What Criminology Reveals of Trump's War on the MS-13 Gang
The brutal tactics of gangs like MS-13 might sound like something out of ISIS’s playbook, but a comprehensive comparative study shows that the groups couldn’t be more different.
But despite horrific acts of violence perpetrated by both gang members and terrorists, researchers say that there are some glaring differences between gangs and extremist groups in the US in terms of their member profiles, motivations to commit violence, and recruitment methods. Their data suggests that if politicians really want to weaken a gang like MS-13, which is estimated to number 10,000 in the US, they should focus on proven strategies from decades of gang intervention programs rather than promote a militarized response to a “terrorist” threat.
David Pyrooz is a criminologist who studies gangs and other organized criminal networks at the University of Colorado Boulder. In a paper published in Justice Quarterly in May, Pyrooz and his colleagues conducted a detailed comparison of 705 American gang members from National Longitudinal Survey of Youth records and 1,473 extremists from far-right/far-left and Islamist groups who were listed in the Profiles of Individual Radicalization in the United States database.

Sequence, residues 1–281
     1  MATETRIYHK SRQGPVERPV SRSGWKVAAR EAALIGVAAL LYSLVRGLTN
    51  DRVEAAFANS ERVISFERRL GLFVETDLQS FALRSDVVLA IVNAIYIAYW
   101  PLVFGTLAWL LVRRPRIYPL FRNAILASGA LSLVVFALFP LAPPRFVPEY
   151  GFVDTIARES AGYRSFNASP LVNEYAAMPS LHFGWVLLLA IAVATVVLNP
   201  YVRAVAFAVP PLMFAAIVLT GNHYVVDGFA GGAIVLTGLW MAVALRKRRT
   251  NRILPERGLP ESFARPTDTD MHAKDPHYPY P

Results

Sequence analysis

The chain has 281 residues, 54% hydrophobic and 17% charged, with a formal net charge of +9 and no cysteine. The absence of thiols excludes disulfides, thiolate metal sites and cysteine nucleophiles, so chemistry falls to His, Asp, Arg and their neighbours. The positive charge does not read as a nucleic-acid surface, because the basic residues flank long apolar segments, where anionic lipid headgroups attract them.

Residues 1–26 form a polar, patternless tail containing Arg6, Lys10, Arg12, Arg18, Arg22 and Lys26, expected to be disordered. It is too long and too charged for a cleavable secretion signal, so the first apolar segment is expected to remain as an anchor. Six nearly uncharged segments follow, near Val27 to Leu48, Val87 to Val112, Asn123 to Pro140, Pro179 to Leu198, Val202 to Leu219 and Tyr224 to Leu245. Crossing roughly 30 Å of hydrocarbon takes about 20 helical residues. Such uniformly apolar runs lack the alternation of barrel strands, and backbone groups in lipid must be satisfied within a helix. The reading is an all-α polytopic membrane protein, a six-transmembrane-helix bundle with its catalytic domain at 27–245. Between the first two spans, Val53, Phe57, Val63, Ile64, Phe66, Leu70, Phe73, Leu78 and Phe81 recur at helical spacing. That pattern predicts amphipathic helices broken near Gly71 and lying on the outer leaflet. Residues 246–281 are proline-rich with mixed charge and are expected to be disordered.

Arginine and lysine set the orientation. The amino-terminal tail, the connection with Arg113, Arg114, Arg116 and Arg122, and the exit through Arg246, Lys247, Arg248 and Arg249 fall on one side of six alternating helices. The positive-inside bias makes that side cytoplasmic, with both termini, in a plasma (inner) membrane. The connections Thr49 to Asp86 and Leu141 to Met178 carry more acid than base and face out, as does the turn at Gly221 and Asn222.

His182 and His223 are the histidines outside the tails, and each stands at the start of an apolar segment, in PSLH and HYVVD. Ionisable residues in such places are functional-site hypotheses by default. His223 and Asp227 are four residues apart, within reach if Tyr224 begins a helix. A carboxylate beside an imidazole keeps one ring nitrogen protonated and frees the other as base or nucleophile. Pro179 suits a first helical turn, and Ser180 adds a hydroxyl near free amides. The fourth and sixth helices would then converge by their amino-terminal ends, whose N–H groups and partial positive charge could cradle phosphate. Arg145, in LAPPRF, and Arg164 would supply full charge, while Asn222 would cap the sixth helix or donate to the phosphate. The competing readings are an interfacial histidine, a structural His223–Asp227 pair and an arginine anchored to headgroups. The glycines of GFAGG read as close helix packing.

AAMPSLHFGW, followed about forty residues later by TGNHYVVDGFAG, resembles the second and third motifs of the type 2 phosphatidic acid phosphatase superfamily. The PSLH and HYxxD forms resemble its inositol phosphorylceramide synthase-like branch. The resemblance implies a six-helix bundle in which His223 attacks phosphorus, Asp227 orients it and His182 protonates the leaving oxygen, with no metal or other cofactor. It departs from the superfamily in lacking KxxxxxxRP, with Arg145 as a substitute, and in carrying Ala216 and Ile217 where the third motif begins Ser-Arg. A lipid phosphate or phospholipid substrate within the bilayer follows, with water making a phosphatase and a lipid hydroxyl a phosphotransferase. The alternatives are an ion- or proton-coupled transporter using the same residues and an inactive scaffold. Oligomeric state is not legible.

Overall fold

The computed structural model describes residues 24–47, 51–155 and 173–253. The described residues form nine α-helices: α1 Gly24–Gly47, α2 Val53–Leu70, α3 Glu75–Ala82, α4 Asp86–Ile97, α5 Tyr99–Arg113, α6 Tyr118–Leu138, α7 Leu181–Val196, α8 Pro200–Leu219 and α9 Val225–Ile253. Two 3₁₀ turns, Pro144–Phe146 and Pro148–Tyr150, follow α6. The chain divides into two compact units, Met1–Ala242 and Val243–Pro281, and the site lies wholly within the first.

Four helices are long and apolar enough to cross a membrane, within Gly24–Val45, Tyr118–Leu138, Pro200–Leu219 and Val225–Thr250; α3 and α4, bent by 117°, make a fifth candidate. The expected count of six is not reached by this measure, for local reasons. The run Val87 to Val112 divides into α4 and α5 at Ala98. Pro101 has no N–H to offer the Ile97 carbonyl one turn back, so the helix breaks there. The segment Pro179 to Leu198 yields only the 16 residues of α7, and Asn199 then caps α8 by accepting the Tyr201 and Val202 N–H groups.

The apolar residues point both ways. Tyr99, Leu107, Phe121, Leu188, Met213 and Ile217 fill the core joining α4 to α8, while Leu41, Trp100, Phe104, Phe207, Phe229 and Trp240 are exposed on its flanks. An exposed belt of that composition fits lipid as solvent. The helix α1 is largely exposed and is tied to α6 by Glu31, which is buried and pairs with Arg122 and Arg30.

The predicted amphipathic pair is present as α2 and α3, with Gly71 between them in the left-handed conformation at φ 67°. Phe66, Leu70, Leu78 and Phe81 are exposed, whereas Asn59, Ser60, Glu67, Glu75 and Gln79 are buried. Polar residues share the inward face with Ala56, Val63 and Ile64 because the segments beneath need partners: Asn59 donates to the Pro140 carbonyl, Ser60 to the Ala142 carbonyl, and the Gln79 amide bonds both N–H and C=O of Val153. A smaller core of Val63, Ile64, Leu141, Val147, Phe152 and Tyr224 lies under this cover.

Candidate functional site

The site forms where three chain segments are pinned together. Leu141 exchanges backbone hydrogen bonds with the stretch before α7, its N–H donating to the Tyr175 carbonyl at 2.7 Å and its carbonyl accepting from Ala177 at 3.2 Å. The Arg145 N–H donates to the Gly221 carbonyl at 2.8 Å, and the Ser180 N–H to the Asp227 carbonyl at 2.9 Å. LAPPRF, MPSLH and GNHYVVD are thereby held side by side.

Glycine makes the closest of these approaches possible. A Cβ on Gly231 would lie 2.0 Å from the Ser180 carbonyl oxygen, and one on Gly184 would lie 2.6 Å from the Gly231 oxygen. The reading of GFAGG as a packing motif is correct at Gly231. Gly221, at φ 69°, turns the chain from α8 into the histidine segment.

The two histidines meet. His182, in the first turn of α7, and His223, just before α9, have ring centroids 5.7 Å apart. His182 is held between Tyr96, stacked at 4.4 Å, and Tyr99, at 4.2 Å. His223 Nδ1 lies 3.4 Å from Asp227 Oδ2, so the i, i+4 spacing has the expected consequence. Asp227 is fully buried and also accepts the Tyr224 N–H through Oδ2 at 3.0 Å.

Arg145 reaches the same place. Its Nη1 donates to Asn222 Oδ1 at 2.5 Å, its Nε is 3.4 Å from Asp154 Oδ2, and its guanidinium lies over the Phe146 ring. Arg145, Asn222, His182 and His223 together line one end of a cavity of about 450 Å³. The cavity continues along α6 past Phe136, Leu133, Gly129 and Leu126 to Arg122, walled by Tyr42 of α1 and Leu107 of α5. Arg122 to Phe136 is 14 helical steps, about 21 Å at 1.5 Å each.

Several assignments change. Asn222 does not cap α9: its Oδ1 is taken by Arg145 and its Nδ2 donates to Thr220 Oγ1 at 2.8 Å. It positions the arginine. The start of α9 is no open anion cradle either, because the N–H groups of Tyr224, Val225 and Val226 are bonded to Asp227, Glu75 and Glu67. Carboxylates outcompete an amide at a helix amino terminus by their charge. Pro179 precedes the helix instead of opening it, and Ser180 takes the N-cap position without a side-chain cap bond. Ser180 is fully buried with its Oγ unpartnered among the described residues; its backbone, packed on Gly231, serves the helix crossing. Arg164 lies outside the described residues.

“There has been some hope that if the processes by which individuals get into gangs resemble how they get into terrorist organizations, we might be able to use what we know from countering gang participation to counter participation in terrorism,” said Pyrooz’s co-author Gary LaFree, director of the National Consortium for the Study of Terrorism and Responses to Terrorism (START) at the University of Maryland, in a statement.
Not only did gang members and extremists end up looking very different — gang members were largely young, poor, black, or Latino, while extremists were much older, whiter, and better educated — there was virtually no crossover between the two worlds. Less than six percent of the domestic extremists had any gang ties.
The recruitment tactics of gangs and extremists are also distinct. Domestic extremists rely heavily on the internet to identify and radicalize new members from all over the country. Gangs are usually confined to a small geographic area, Pyrooz told Seeker, and “they don’t recruit from the internet.”
“Gangs don’t need to,” he explained. “They have this massive pool of kids who come from the same disadvantaged circumstances right in their same neighborhood.”
While the data make it clear that gangs are not breeding grounds for terrorists, Pyrooz also stressed that recent comments by retired Marine Lt. Col. Oliver North and others describing MS-13 is the “ISIS of the Western Hemisphere” couldn’t be farther from the truth.
“I don’t say that to minimize the activities of MS-13, which is a really well-known gang,” he remarked. “Their behavior is not similar to ISIS, even though they engage in some pretty heinous crimes. Most importantly, they’re not an extremist group. Their violent actions are not trying to achieve political ends. That is the cut point in which we would differentiate between extremists and street gangs.”